[UPDATE: This issue has now been solved. Click here to read our full review.]
Recently, Tecsun announced and released onto the market the new S-8800 receiver. Thomas Witherspoon has indicated that sensitivity, selectivity and audio fidelity are very good for this new unit.
BUT…..in his post on February 12, 2017, entitled Tecsun S-8800 Update, Thomas discovered that his new S-8800 has a serious fault, one that could potentially drive radio enthusiasts mad! In tuning around the dial, he found the radio has many “birdies”. In the same post, he notes that Bertrand Stehle F6GYY also found birdies on 4 spots in the mediumwave band and 63 frequencies across the entire shortwave spectrum. Not good!
In reading the comments that followed Thomas’ post, I noted that a few writers seemed a little confused about what a birdie is and how it differs from radio frequency interference. Hopefully, the following explanation will shed some light.
The term “birdie” is, I guess, derived from the type of sounds that are emitted from a receiver having this problem. It can take on a variety of forms, like a squealing or whistling sound, or perhaps a warbling sound, or a hash noise, or indeed, even a silent carrier. In a particular radio, a birdie could appear on one or many frequencies across longwave, shortwave, mediumwave or into the VHF spectrum. And it will usually be permanently there on the same frequencies every time.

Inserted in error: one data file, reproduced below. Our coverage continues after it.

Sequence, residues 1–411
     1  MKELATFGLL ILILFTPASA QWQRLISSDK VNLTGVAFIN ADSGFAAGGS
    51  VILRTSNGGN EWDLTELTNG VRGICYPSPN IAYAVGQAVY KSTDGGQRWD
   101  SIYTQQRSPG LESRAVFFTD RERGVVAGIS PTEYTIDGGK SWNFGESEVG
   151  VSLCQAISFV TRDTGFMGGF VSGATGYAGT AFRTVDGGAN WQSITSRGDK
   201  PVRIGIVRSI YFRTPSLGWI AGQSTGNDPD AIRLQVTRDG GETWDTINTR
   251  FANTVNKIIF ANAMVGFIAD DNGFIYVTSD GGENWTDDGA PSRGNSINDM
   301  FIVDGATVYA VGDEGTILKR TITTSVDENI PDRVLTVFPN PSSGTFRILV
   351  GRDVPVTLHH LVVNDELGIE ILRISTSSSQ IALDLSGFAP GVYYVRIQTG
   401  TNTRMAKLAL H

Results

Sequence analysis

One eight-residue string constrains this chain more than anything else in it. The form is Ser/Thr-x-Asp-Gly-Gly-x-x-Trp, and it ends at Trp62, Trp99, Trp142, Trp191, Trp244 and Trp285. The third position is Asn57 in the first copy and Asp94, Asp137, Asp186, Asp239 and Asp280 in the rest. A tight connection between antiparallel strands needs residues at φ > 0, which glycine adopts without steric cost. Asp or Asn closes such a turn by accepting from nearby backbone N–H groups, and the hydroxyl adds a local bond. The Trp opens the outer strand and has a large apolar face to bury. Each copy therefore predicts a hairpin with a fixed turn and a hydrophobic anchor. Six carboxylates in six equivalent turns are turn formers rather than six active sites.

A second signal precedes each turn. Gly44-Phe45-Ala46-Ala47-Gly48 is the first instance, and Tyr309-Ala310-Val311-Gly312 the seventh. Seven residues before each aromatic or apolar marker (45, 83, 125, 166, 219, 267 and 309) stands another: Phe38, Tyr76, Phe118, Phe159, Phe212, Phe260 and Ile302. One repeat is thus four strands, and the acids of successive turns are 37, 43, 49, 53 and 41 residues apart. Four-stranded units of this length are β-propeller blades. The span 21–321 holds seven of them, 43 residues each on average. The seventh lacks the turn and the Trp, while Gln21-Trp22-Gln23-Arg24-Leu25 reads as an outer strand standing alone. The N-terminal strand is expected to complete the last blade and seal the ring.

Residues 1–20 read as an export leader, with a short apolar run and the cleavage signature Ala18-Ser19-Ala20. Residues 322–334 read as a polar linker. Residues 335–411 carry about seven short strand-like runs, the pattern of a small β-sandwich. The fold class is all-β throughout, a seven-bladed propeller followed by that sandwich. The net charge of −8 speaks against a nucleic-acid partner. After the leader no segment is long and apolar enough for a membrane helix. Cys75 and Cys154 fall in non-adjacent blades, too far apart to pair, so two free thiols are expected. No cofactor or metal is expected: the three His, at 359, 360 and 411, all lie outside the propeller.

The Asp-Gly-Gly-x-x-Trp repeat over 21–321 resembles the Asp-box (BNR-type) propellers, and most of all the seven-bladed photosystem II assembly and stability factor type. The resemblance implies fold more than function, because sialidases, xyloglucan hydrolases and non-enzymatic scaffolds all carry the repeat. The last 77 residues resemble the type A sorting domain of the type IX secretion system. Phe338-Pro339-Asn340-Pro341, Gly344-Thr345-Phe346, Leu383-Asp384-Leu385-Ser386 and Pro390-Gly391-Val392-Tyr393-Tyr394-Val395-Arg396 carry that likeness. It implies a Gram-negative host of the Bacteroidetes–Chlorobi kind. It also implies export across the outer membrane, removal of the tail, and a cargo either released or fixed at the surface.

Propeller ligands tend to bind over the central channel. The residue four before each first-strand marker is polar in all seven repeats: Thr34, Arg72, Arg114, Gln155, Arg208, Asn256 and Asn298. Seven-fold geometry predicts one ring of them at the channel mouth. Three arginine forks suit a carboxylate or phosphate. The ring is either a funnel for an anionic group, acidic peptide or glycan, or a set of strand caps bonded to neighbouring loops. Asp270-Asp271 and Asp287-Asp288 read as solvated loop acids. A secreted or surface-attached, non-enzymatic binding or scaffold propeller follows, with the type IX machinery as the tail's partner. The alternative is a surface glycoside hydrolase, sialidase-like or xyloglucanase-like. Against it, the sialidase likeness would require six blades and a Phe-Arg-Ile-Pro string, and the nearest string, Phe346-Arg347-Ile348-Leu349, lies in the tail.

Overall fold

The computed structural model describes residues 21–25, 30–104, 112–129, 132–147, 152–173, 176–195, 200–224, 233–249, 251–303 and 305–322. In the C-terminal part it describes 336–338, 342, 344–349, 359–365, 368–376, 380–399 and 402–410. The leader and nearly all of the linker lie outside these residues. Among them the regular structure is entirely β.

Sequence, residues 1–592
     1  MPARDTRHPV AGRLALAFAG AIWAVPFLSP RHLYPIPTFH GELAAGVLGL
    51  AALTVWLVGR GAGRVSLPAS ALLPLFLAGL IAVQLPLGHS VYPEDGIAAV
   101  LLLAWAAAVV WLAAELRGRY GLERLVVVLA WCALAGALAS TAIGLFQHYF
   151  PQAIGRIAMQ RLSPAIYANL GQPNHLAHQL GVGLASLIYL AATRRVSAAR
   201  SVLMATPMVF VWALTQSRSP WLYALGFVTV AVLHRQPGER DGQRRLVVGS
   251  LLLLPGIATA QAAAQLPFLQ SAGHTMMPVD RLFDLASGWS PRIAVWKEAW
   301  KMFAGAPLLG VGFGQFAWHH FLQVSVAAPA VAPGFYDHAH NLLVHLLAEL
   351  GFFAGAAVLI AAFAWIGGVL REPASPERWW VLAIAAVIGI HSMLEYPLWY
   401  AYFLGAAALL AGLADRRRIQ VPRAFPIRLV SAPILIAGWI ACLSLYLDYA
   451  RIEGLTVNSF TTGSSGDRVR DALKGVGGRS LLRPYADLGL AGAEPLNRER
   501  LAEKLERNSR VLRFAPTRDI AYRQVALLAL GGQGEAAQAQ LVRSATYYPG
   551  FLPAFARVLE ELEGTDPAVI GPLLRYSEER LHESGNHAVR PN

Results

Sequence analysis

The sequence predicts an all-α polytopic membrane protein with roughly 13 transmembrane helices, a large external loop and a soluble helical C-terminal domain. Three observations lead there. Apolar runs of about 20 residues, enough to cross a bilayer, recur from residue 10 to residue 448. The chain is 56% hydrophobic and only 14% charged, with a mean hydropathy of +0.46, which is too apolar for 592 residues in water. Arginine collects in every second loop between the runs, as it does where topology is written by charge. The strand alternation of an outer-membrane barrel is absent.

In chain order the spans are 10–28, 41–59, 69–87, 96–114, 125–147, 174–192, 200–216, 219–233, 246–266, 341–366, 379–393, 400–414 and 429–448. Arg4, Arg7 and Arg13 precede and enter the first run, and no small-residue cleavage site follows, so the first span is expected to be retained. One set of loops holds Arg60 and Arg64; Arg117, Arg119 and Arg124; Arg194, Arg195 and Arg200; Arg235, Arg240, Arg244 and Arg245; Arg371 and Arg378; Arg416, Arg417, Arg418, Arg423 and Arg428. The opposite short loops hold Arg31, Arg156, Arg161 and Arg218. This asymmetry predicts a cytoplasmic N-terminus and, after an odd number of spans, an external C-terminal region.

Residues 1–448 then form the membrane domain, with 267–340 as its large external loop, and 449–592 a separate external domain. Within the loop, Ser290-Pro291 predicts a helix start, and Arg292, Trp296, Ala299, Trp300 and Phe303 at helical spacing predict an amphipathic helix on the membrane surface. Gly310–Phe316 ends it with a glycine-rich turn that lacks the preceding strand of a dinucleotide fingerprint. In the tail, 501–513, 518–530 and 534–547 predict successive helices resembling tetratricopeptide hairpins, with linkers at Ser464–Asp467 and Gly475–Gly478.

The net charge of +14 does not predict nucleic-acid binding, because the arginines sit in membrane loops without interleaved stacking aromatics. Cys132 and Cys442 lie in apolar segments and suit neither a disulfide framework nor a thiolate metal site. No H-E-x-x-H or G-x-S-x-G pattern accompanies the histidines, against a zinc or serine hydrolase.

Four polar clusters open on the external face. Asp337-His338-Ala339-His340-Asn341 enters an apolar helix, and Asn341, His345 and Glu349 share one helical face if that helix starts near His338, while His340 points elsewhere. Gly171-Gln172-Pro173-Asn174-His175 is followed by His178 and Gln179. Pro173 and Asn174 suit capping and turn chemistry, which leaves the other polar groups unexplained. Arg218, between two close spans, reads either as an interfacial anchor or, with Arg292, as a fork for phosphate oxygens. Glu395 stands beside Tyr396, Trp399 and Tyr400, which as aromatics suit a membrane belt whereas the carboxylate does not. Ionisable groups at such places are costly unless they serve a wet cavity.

Occasionally, you will find birdies smack bang on the very frequencies where you might want to do some listening. But, unfortunately you can’t really do anything to get rid of these nuisances because the design faults are in the the receiver itself. You can test to see if what you are listening to is a birdie by simply disconnecting the antenna. If the squealing/whistling/warbling/hash/silent carrier is still there without any antenna, then it’s a birdie – an internally generated carrier by the receiver’s own circuitry.
Rob Wagner, VK3BVW, is the author of this post and a regular contributor to the SWLing Post. He also blogs at the Mount Evelyn DX Report.